A Calm Cormorant
At our protected Green Cay and Wakodahatchee Wetlands, where nesting and baby season remains in full swing (granted, the babies are growing, but there are some late-arrival nesters), some of the year-round residents don’t seem overly concerned with the consequent increase in human traffic. With more than 140 species of birds identified at Wakodahatchee, and the fact that it’s part of the Great Florida Birding Trail, the site is a birdwatcher’s and photographer’s paradise — especially now. I like to stroll towards the back of the boardwalk to admire some of the shyer inhabitants — and consequently avoid the chaos of the human visitors during this time of the year, when the wetlands’ newest residents are on display.
A noticeably calm cormorant — or “shag” (referring to the bird’s crest, which is lacking in the British forms of the Great Cormorant) — was preparing for a nap at the end of the boardwalk. These medium-to-large coastal (rather than oceanic) seabirds are plentiful in southeastern Florida, and can often be seen diving for fish or water snakes. After fishing, the cormorants dry their wings ashore in the sun or in the trees (similar to the cormorant-like anhingas), as their feathers don’t possess the waterproofing oil of other seabirds.
Humans have long used trained cormorants to fish the waters of China, Japan, and Macedonia. Trained by fishermen, a snare is tied near the base of the bird’s throat, allowing the bird to swallow only small fish. When the bird captures and tries to swallow larger fish, the snare doesn’t allow the fish to be swallowed, and it becomes stuck in the bird’s throat. The cormorant is forced to return to the fisherman’s boat, where he helps the bird regurgitate the fish, removing it from its throat. Traditional cormorant fishing isn’t as common a method today — with the development of more efficient fishing methods — but it remains a tourist draw. However, the method is still practiced in some Japanese regions, and has continued uninterrupted for 1300 years in Gifu City, in Gifu Prefecture.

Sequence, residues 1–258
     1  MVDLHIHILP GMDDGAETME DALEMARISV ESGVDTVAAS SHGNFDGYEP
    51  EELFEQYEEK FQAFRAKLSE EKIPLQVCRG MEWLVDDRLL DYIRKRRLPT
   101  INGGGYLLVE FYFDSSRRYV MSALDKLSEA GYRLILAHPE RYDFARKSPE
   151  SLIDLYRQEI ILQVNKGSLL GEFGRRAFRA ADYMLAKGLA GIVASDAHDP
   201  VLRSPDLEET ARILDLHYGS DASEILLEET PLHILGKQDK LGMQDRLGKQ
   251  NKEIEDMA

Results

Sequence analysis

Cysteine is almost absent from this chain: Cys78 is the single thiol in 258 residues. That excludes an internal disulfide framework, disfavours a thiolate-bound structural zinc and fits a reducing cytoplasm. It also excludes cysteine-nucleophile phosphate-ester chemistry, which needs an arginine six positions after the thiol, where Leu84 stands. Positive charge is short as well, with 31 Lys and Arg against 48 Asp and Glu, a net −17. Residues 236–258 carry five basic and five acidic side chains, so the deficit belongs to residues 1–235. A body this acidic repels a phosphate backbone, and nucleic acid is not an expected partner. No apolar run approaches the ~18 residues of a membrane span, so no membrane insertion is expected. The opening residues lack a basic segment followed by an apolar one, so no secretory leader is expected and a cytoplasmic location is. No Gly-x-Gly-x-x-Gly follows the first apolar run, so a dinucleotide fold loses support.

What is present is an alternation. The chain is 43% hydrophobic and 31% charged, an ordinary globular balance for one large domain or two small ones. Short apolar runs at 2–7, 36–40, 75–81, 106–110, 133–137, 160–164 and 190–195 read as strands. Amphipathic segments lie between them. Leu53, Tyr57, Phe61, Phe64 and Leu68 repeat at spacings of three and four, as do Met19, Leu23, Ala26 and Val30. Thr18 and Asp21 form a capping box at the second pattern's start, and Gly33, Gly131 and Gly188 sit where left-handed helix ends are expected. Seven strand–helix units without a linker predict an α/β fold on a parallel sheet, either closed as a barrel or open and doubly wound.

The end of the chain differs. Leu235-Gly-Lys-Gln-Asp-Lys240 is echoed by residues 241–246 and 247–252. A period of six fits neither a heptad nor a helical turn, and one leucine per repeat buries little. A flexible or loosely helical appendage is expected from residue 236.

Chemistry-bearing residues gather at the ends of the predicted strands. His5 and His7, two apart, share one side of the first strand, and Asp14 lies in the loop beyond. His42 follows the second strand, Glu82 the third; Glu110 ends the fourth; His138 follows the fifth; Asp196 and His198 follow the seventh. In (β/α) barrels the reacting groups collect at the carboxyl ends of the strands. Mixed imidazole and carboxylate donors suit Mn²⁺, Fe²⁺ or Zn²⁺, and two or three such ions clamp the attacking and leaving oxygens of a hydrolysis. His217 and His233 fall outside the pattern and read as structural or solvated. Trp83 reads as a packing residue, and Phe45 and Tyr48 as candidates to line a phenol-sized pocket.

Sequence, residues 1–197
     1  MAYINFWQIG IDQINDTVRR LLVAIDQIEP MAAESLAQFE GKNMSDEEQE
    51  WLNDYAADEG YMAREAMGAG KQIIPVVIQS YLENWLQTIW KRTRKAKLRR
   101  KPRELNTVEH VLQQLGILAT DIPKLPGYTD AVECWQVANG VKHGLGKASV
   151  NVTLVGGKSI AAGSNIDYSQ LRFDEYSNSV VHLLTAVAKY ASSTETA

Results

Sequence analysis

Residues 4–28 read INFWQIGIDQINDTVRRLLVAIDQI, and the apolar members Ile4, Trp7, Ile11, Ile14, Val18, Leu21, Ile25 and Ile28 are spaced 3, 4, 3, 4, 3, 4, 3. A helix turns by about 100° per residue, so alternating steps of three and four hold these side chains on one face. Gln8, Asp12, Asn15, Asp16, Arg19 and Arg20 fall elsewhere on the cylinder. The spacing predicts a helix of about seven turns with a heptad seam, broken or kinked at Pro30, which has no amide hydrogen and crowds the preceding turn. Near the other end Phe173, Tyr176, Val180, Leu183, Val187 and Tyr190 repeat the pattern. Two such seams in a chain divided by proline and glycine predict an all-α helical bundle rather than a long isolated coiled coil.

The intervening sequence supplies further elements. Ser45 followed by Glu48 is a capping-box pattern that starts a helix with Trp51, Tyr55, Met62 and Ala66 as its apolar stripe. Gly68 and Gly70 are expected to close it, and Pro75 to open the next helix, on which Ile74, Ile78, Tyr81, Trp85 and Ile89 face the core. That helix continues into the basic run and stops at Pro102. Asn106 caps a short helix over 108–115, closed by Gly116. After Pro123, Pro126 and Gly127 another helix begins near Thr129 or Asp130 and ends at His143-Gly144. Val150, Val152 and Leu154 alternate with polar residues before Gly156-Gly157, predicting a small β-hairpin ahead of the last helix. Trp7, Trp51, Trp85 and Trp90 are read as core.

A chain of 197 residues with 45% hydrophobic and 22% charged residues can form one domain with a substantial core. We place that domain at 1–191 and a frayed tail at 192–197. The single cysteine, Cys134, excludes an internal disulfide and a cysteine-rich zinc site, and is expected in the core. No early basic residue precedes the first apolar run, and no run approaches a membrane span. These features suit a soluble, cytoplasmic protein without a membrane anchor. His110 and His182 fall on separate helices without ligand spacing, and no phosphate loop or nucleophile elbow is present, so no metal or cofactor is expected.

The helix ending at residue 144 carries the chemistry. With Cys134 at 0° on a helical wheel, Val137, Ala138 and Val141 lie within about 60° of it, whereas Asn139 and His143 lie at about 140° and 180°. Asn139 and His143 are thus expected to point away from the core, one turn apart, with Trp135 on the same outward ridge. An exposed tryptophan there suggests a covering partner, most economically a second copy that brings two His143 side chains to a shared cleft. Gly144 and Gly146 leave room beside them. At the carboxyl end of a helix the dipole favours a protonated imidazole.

Although both cormorants and anhingas are quite common in our area, I was struck by the serenity of this guy, and his beautiful teal eyes…. Their distinctive turquoise eyes fade quickly after the breeding / nesting season.